In the latest number crunching from Knight Frank‘s international property division, it seems that Hong Kong recorded the largest price rise in 2012, while Greece had the largest fall. They also found that South America experienced the strongest growth, an increase of 8.4% on average, said Kate Everett- Allen from Knight Frank.

Meanwhile property prices in Asia Pacific rose faster in 2012 than in 2011, increasing by 6.7% on average compared to 2.8% a year earlier

Overall, the results of the latest Knight Frank Global House Price Index suggest the rehabilitation of the world’s housing markets – following the global financial crisis – is still a ‘work in progress’. The overall picture is an improving one, albeit marginally so. 19 of the 20 countries which experienced price falls in 2012 were located in Europe, and Hong Kong leads the pack, where mainstream property prices rose on average by 23.6% in 2012.

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For several years the ‘yo-yo’ of the rankings, it seems that the Dubai market is finding its feet. Stalled developments are being resurrected, sales. volumes are rising and the level of market transparency is improving. Also, the US offers a chink of light. In 2012 US property prices grew by 7.3%,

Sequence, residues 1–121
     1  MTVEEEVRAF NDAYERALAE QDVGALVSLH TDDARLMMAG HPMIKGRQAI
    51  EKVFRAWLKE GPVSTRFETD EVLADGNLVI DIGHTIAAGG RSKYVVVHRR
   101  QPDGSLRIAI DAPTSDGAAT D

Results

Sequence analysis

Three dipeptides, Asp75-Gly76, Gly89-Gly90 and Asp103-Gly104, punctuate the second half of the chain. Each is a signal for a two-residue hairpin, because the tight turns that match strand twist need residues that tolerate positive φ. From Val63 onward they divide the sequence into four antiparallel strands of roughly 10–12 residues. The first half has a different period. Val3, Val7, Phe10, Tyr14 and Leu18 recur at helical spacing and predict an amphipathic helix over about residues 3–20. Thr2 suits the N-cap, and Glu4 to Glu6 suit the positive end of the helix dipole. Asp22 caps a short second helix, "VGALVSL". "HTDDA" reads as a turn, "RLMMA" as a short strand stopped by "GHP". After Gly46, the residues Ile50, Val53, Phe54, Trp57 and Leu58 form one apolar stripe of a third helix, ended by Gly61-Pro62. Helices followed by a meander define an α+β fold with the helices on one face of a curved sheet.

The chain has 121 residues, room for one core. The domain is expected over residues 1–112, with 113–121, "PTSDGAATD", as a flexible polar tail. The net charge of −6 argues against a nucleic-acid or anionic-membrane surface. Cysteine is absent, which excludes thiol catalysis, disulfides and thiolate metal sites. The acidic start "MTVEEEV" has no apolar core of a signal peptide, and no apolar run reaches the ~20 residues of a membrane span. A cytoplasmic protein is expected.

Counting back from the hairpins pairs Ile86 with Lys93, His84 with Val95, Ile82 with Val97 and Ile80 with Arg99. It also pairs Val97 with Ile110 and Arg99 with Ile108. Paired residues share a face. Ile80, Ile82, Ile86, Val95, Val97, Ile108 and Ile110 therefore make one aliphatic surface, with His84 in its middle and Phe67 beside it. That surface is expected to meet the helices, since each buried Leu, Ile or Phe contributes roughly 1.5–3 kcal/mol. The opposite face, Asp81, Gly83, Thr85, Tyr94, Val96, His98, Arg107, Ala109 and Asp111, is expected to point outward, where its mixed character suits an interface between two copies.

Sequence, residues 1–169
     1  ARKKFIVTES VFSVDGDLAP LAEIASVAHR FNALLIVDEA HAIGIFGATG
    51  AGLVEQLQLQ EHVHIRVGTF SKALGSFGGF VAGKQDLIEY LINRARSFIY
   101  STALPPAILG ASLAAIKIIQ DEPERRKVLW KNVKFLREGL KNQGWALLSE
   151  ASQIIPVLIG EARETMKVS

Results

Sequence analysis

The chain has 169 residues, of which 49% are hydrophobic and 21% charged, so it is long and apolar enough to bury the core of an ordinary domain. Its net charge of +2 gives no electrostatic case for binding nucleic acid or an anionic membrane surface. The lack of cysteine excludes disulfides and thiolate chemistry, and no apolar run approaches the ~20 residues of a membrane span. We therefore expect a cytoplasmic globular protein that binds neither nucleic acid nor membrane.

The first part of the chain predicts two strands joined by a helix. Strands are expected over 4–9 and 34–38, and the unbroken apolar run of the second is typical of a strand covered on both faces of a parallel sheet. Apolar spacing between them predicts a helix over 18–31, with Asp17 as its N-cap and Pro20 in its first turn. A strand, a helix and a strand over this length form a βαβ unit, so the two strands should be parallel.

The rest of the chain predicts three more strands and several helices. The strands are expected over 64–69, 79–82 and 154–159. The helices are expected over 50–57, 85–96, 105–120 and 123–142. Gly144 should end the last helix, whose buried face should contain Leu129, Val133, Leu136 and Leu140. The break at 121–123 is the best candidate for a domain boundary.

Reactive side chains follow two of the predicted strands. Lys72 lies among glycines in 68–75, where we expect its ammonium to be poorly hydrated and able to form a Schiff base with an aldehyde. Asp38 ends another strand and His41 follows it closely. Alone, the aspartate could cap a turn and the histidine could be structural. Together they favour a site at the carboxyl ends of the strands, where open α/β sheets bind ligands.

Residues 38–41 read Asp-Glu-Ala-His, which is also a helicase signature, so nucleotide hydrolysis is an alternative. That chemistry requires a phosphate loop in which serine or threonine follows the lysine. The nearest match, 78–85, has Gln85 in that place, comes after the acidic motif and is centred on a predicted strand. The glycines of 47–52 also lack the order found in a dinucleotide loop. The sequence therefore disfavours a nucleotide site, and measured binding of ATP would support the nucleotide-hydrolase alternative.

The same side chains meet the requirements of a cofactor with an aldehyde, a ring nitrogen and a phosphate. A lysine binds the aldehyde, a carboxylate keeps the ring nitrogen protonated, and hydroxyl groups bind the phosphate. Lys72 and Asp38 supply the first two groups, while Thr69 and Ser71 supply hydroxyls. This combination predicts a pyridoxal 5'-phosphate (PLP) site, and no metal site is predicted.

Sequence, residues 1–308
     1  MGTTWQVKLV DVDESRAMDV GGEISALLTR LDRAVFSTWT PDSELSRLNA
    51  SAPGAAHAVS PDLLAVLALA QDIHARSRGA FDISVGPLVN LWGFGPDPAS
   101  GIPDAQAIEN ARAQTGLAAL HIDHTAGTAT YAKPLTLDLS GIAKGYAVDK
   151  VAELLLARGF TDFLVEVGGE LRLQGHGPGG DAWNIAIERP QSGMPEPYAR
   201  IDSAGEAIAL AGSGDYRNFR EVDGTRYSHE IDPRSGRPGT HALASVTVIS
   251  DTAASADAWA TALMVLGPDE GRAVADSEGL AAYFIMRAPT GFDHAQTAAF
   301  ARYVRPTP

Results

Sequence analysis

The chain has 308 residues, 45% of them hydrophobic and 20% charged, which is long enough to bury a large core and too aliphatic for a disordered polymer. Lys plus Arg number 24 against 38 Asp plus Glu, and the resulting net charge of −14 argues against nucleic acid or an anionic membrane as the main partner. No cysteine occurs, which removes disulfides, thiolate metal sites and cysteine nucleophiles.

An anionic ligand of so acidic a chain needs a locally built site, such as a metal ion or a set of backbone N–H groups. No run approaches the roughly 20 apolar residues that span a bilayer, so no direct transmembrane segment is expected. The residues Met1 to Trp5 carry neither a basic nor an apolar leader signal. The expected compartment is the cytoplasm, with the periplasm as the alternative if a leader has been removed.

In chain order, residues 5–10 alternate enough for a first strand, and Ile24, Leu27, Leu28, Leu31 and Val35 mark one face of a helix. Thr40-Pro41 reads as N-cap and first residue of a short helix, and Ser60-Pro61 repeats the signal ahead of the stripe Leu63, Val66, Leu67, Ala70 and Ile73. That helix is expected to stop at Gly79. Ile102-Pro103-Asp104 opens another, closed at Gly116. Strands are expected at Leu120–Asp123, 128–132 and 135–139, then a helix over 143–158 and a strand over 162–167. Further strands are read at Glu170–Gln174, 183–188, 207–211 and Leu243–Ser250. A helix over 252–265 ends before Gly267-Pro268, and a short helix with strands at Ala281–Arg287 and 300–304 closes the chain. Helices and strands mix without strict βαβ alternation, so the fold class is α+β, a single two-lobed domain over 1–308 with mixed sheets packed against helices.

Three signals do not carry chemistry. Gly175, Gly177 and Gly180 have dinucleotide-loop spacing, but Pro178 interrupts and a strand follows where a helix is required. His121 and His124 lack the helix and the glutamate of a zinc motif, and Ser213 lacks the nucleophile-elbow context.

In Europe, Turkey, Russia and Austria bucked the region’s wider trend of negative price growth, recording growth of 10.5%, 10.2% and 10.1% respectively in 2012.

However, Greece, Spain and the Netherlands languished in the bottom five rankings for the second consecutive quarter. Ireland, a long-term resident at the foot of the table looks to have broken free, recording a fall of 4.5% in 2012, compared to a 16.7% decline a year earlier.

Looking ahead, it seems that 2013 looks unlikely to deviate significantly from 2012’s script. The performance of the world’s mainstream housing markets will depend on finding some economic stimulus, relaxing lending criteria and instilling buyer confidence, Knight Frank’s international team have concluded.

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